One of the highlights for me was their “EULA Project”, where they have taken many social media end-user licence agreements and converted them to plain English posters that can be displayed in your classroom for your students, all for free.
Here’s an example, posted in low-res only (see the link below for full-sized PDFs):
To see AML’s EULA Project in its entirety, visit http://www.aml.ca/i-agree/ where you can download PDF versions of each EULA poster.
I always encourage students to use the personal Google account for school work so they still “own” the data after they leave high school.
But what if they haven’t, and they’re above to move on to a postsecondary school or the workplace?
There are basically two options:
Move your data to your personal account
Download your data
To move your data to a new account, just visit https://takeout.google.com/transfer and enter the relevant information. Just be sure you have enough disk quota in your personal account or you may run into trouble.
Over the semester, you will be required to do two informal presentations related to “Cool Tech”. Most students will choose to present on something technological (computer hardware, software, game platforms, entertainment hardware, etc.) that is relatively new, but you may also choose something else with the permission of your instructor.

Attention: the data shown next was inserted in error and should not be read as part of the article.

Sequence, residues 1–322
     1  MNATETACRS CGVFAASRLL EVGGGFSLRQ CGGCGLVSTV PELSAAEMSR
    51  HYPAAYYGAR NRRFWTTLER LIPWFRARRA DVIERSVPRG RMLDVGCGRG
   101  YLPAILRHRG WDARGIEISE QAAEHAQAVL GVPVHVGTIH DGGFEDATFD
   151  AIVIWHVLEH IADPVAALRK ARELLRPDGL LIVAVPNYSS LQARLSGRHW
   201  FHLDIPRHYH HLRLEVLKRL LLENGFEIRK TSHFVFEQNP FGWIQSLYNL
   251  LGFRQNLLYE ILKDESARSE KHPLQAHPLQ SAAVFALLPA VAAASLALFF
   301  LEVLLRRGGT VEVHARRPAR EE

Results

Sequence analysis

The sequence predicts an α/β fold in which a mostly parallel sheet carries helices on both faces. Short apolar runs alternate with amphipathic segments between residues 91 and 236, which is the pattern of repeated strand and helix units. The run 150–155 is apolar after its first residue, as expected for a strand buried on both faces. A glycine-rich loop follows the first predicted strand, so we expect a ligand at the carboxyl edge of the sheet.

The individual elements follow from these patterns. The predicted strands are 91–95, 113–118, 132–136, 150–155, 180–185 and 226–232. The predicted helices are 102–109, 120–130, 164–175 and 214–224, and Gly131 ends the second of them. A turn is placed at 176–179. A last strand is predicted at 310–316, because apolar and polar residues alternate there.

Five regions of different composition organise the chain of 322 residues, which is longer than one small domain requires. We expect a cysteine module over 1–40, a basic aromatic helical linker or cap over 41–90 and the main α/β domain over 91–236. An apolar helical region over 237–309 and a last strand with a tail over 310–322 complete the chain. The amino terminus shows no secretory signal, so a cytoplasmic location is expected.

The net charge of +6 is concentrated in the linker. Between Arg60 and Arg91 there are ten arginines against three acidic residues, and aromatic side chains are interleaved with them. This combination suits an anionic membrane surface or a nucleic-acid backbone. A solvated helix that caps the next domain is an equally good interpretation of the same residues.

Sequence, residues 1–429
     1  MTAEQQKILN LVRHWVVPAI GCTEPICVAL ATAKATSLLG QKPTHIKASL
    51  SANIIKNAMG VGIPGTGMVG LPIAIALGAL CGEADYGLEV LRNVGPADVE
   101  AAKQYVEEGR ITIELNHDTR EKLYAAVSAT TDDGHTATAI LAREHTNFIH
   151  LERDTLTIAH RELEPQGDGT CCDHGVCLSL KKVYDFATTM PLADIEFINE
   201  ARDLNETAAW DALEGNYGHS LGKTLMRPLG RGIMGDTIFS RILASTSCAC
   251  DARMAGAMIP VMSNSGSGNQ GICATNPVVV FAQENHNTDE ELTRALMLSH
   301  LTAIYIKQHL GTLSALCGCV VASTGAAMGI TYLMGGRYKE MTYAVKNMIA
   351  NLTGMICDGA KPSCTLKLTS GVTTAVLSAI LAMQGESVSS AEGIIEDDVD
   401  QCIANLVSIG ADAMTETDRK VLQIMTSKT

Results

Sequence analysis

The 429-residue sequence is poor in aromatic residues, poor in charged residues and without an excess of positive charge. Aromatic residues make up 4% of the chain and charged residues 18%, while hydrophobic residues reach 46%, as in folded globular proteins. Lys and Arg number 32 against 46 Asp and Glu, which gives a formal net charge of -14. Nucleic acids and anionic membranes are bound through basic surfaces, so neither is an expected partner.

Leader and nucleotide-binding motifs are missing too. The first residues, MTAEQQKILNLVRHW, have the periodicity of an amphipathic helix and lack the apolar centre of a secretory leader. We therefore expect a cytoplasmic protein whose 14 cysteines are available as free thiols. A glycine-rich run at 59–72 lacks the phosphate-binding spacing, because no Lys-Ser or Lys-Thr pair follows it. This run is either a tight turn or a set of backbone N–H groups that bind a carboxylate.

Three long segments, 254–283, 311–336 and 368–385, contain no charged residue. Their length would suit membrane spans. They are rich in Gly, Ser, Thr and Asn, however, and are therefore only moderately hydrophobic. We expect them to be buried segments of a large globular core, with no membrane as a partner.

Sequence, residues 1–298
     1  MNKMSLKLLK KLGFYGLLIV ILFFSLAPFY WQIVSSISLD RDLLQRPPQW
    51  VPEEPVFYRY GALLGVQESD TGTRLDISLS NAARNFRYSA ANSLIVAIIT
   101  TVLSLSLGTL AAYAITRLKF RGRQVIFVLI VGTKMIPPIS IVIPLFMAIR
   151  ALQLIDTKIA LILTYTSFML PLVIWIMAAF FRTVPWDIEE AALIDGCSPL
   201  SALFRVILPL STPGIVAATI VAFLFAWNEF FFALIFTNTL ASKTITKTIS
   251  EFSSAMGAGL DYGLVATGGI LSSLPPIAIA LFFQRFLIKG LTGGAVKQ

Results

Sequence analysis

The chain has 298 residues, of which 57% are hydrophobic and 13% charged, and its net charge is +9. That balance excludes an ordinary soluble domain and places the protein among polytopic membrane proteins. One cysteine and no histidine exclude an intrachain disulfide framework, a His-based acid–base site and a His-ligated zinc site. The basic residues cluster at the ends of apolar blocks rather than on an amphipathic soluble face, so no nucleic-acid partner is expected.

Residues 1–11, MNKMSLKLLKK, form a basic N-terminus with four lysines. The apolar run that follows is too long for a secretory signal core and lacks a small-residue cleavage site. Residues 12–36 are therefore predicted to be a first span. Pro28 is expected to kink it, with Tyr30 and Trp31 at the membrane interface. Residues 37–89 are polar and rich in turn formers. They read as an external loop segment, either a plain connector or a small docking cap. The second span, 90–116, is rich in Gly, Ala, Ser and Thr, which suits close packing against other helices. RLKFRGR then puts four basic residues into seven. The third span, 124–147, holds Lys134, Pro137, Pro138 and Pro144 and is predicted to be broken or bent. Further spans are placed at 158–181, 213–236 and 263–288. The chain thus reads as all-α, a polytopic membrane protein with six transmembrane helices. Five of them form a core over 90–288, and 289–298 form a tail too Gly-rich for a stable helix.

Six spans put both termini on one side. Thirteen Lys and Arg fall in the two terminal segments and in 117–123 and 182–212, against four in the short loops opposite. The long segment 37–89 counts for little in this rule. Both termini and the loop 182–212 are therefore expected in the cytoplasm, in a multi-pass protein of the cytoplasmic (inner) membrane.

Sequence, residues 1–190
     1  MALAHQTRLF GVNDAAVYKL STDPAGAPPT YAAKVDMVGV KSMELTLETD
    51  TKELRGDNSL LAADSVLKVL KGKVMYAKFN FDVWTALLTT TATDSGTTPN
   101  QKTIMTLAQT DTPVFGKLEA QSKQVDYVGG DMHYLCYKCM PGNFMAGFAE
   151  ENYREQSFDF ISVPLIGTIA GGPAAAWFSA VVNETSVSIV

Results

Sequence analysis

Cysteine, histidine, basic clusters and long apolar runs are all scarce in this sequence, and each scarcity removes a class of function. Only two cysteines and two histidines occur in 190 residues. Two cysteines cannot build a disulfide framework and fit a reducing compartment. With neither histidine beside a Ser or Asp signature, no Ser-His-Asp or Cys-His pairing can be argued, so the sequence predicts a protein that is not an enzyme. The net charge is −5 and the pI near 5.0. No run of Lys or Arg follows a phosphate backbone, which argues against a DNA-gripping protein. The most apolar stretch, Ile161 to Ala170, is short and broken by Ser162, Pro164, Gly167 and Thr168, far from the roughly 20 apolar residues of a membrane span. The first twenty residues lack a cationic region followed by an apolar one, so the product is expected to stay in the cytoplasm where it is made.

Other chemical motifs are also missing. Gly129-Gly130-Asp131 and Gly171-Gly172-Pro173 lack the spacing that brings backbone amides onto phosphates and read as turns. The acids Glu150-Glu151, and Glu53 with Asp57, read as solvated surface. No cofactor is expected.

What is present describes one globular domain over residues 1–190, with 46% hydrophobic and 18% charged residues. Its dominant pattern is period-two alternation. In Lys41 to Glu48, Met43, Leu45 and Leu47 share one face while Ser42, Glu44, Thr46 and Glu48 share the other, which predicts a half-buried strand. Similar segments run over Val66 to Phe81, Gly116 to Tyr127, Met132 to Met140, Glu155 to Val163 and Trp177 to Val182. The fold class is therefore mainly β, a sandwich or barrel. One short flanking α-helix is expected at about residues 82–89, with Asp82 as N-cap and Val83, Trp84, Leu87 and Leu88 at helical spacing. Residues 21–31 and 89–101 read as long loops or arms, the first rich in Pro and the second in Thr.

For grade 9’s and 10’s, your presentation will be very informal. All you have to do before the presentation is submit your topic on the form below, and of course research the topic well enough that you can talk about it to the class.
For grade 11’s and 12’s, your presentation must be based on a Google Docs slideshow. You must also submit the form, but you will also need to prepare a short slideshow and share it with your instructor (filename: Full Name Course Code Cool Tech – Name of Topic).
Note that these two assignments must be done in each half-semester—one in the first half of the semester and one in the last half.
D3.1 explain how emerging technologies can affect personal rights and privacy (e.g. video surveillance, cyberbullying, identity theft);
D3.2 describe some emerging technologies and their implications for, and potential uses by, various members of society;
D3.3 describe some of the solutions to complex problems affecting society that have been or are being developed through the use of advanced computer programming and emerging technologies (e.g., monitoring and regulating electrical supply and demand; using facial recognition programs to verify the identity of persons entering a country; analysing criminal activity by overlaying crime data on satellite imagery; analysing large-scale meteorological data to predict catastrophic storms).
D2.1 demonstrate an understanding of emerging areas of research in computer science (e.g., cryptography, parallel processing, distributed computing, data mining, artificial intelligence, robotics, computer vision, image processing, human–computer interaction, security, geographic information systems [GIS]);
D2.2 demonstrate an understanding of an area of collaborative research between computer science and another field (e.g., bioinformatics, geology, economics, linguistics, health informatics, climatology, sociology, art);